Mystery/Thriller | Vertical Entertainment | Runtime: 90m | Rated: R
Directed By: Eli Horowitz
Starring: Winona Ryder, John Gallagher Jr., Dermot Mulroney, Brianne Tju, Owen Teague
Synopsis: When Kath and Max show up to a remote cabin in the woods for a quiet getaway they arrive to find another mysterious young couple already there. With the cabin double booked the strangers make the best of the night, but when Max is missing the next morning Kath is obsessed with finding him.
Eli Horowitz sets up Gone in the Night nicely with a tight first act. We meet our couple, Kath (Winona Ryder) and Max (John Gallagher Jr.). There’s a modest age difference between them but they’re your normal couple hitting the woods for some private time. We can all imagine what would happen if we arrived at a cabin after hours of driving in the forest only to find another couple already there. It’s a presumably awkward and potentially tension filled scenario that can easily capture your imagination to get you invested in where this story will go.
This younger couple Greta (Brianne Tju) and Al (Owen Teague) come off as your typical twenty-somethings but there’s an element of mystery about them you can’t quite put your finger on. They aren’t completely welcoming but not dismissive either. And this early cat-and-mouse conversation when they all decide to share the cabin for a night does craft naturally uneasy moments that do fit the mood and atmosphere very well. This movie had my curiosity piqued very quickly and when Kath wakes up to find Max gone you can easily put yourself in the helplessness of her situation. So, for that aspect I really enjoyed the engagement it provided as the plot weaves through its path with appealing moments of unpredictability littered in.
The script drops in small fragments of information as Kath is determined to mind out what happened to her boyfriend. Did he simply get bored of her and run off with a younger girl? Did he have an accident? Did something more sinister take place? All of these are interesting questions pondered while watching as the story drops in flashbacks to build the foundation to Kath and Max’s relationship and their dynamics. As well as teasing glimpses into Max’s personality to learn more about who he is. All intriguing stuff that gives the movie a quick pace while also serving as the building blocks. Where other scripts could lean into more direct exposition. Gone in the Night keeps you guessing as it evolves and it’s a satisfying watch.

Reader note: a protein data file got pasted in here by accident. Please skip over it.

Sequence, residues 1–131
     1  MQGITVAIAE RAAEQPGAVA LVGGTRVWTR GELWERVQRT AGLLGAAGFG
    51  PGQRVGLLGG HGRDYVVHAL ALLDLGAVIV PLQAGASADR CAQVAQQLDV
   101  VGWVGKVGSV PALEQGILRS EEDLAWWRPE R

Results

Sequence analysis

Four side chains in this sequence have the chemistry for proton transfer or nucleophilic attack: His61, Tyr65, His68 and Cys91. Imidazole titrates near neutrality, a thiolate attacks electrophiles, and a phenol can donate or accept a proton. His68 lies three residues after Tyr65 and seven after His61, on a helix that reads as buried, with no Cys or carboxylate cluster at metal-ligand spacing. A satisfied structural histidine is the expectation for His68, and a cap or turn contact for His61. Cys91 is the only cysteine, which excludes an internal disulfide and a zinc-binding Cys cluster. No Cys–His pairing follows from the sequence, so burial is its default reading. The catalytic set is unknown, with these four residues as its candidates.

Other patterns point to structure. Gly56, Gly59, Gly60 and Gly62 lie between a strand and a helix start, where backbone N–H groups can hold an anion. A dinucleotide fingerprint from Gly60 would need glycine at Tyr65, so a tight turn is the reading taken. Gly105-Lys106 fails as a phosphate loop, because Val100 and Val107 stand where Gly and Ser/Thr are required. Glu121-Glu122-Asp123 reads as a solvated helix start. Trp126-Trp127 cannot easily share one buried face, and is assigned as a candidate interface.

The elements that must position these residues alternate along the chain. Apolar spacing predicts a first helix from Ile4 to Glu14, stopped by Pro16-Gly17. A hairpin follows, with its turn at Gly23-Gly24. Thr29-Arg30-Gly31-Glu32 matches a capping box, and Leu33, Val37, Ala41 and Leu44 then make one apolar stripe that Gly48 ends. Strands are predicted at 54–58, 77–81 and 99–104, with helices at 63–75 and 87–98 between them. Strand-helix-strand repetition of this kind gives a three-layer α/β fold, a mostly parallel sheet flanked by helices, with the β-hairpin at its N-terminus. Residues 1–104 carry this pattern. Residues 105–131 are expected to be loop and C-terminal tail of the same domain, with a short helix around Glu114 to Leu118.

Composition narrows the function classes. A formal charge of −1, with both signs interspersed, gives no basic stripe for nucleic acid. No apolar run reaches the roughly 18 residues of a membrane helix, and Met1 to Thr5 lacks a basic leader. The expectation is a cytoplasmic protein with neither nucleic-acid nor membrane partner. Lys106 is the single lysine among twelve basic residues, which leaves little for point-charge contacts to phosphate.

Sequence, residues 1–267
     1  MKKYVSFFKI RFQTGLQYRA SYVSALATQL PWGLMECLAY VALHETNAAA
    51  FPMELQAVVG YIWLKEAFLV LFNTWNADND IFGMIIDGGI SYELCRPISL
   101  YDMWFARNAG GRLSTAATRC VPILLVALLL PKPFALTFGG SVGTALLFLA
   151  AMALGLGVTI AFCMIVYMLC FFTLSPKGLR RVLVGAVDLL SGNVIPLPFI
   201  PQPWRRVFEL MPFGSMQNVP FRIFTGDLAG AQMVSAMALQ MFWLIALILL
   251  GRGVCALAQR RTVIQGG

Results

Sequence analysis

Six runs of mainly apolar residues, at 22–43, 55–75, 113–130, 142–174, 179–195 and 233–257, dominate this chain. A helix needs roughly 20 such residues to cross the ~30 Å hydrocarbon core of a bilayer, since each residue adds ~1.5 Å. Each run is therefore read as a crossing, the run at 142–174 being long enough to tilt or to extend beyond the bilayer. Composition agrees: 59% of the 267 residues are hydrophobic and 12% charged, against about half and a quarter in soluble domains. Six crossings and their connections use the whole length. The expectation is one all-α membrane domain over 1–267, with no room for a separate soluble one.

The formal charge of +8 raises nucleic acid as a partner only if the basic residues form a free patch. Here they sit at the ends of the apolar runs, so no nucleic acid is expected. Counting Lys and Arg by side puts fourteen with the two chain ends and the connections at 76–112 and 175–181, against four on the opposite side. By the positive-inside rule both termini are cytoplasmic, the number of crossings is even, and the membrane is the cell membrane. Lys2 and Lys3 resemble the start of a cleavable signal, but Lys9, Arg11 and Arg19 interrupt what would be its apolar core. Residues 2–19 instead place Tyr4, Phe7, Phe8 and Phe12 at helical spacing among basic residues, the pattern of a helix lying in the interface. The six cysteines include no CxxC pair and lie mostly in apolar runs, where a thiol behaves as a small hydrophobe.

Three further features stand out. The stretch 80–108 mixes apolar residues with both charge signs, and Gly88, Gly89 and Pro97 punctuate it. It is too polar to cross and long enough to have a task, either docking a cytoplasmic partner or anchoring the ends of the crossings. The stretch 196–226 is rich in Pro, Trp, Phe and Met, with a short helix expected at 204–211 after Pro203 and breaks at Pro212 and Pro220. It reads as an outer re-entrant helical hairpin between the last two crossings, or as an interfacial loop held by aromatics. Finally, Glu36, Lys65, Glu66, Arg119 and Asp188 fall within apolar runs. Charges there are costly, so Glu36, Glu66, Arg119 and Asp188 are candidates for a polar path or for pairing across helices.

The performances are all more than efficient for their roles. Ryder is fantastic as she always is and it’s nice to see her career getting a bit of a resurgence. I’m always a fan of Gallagher Jr. I think he can play the ‘every-man’ type extremely well but can very easily turn on darker traits to really give a character some layering, and he does that here. Tju and Teague were great as well. Their character types have been done before, but they make the roles their own and Mulroney comes in with Ryder to give the cast another veteran actor to cement it all.
The finale is dramatic without question. It maybe does a bit too much to result in some suspension of disbelief being needed. These movies generally rely on the reveal and Gone in the Night certainly has a good one. But it comes in a tad late and lacks proper explanation. The pace is steady throughout then too much unfolds in only a few minutes. This often happens in these types of films, but it doesn’t get in the way of Gone in the Night locking your curiosity in for 90-minutes to take you on a mysterious ride.
Anthony J. Digioia II © 2022 SilverScreen Analysis. All Rights Reserved.